DramaAlpaca Mon 08-Aug-16 01:22:05

I don't have daughters, but if I did modelling would not be an industry I would want them involved in.

Message withdrawn at poster's request.

FourFlapjacksPlease Mon 08-Aug-16 01:54:14

which agency is it? Some are better with younger models than others. It can be a great career for young girls if they are fairly secure and confident. I'd avoid like the plague if she is very sensitive though.

Just5minswithDacre Mon 08-Aug-16 01:56:36

Oh that's a hard one. I'd be horrified. Luckily so would my very savvy, media-critical DD.

Be a 14 year old who is keen is really going to resent you if you don't even go to the meeting.

If it's correct that the agency just keep in touch until the potential model is 16, could you go to the meeting, ask some subtle but searching questions, then hope life takes over or nothing comes of it?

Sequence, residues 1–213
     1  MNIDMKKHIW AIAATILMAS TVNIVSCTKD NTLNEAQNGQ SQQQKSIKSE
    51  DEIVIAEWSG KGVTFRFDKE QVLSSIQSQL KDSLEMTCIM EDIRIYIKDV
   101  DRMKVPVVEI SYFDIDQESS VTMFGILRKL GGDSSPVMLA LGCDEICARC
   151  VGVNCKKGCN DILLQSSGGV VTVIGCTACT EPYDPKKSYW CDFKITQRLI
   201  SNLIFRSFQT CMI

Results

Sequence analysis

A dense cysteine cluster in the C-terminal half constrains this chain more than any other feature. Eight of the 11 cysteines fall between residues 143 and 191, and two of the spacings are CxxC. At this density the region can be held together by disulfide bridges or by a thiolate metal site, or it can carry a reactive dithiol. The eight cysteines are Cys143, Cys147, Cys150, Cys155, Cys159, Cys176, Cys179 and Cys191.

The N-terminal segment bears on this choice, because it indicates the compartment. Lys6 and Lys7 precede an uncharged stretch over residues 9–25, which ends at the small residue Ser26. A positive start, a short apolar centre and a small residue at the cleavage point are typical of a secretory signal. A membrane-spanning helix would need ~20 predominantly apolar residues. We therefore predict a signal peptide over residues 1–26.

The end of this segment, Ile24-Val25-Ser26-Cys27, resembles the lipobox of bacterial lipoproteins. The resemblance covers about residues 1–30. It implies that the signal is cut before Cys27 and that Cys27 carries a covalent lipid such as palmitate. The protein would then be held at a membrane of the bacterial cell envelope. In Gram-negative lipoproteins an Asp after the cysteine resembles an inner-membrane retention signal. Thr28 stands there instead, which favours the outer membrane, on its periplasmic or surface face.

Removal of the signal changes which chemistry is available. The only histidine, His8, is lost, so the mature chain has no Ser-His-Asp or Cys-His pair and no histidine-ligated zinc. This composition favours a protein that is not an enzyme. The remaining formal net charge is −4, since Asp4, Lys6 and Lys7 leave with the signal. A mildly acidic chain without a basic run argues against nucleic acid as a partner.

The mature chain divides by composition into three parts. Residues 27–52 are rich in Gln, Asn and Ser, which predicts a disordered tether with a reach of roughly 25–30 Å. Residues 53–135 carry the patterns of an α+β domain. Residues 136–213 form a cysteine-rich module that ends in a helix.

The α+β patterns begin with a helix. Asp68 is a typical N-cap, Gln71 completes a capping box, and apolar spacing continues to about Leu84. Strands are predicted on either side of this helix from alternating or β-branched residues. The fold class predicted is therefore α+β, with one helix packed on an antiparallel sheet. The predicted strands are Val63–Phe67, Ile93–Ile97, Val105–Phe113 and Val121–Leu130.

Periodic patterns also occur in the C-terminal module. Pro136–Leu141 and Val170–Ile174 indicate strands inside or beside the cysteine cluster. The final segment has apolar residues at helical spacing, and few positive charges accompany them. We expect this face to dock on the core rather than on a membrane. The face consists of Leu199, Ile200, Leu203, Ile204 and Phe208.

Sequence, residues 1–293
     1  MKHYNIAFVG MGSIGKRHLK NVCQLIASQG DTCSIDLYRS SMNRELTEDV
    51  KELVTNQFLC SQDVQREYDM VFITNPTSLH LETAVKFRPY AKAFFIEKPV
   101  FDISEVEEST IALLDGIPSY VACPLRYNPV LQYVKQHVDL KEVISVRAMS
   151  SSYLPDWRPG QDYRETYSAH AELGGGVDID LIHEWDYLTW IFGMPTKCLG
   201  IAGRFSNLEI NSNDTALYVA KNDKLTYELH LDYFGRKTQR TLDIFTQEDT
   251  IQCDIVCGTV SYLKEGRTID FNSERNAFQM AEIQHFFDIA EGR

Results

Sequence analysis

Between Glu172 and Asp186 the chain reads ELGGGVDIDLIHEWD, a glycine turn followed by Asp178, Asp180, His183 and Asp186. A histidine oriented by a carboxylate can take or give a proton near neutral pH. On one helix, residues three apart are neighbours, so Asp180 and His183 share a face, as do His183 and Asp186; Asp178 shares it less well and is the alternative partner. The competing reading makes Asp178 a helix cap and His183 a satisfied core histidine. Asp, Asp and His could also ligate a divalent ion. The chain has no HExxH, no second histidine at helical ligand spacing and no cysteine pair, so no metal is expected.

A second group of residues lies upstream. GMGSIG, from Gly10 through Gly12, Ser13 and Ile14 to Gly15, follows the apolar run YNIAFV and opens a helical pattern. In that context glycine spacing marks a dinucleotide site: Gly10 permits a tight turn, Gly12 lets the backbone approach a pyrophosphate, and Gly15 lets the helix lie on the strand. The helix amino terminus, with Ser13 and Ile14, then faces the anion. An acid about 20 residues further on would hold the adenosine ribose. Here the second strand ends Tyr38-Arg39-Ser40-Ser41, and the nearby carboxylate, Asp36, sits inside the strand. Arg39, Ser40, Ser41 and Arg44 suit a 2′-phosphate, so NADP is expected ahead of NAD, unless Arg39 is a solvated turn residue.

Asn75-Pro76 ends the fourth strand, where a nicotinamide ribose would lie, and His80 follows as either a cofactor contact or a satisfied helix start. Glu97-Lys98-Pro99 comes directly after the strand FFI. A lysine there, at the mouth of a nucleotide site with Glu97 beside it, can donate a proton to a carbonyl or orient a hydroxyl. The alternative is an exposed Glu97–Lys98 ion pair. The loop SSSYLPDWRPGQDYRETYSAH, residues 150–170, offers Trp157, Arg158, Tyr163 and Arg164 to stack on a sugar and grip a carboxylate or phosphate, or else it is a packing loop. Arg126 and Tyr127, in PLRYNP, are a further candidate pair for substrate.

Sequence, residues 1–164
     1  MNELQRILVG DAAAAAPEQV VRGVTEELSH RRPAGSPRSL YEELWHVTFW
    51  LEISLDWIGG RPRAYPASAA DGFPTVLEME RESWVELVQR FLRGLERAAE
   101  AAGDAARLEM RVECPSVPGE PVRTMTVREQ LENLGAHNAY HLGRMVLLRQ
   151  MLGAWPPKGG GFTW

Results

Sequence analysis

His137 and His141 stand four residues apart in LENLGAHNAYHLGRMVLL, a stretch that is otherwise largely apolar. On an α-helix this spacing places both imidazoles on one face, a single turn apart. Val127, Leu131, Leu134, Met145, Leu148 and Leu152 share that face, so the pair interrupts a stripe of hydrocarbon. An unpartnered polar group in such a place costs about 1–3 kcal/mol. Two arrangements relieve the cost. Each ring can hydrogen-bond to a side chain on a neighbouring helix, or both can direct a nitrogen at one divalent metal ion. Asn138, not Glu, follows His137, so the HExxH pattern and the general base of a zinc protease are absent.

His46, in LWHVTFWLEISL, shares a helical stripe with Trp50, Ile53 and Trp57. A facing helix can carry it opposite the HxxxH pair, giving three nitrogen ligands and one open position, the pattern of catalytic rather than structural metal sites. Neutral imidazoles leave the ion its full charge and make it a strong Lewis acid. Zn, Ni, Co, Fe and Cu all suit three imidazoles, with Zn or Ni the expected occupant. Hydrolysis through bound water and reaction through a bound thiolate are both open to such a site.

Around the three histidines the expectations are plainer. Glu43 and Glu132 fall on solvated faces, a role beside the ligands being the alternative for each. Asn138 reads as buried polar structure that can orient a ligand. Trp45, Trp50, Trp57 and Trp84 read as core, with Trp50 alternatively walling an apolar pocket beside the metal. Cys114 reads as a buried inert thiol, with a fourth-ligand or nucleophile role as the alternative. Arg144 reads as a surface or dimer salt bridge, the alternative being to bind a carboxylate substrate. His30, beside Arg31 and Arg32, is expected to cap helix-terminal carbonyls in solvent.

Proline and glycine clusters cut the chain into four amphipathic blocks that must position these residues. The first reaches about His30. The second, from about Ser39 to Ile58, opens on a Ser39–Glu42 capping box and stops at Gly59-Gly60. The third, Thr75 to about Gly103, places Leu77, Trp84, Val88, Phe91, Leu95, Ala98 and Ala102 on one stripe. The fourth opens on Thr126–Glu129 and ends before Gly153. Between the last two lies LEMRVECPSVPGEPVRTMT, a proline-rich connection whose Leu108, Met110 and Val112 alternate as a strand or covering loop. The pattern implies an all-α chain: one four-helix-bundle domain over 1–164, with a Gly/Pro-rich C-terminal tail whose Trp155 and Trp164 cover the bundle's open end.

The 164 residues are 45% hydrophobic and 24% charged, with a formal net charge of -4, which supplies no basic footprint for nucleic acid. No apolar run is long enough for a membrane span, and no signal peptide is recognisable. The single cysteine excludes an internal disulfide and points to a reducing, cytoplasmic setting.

Two years is a lot of time to discuss media,?beauty standards and your DD's (other) career aspirations.

Just5minswithDacre Mon 08-Aug-16 01:57:32

'Scuse typos smile

SpecialAgentFreyPie Mon 08-Aug-16 05:06:22

I was scouted at 15, my mum is deeply religious and very anxious so she flatly refused. I've still not really forgiven her.

Whatever choice is made, just make sure DD1 doesn't think it's purely about what you want, but about what is best for her.

Oblomov16 Mon 08-Aug-16 05:14:43

I think you should go. She will resent you if you don't. At 14, probably not that much more will come if it at this stage.

VioletBam Mon 08-Aug-16 05:16:47

I modelled in the 90s and had a fabulous time. I spent what I made. I put my degree off till I was 23 and it worked out fine for me.

mollie123 Mon 08-Aug-16 05:18:07

it may sound like a legit agency and probably was but why was this person (business card or not) lurking in Topshop and handing out opportunities for meetings to likely looking hopefuls.
I would go to the meeting especially as your daughter is keen and see what they say before she gets too deeply involved in aspiring to said career.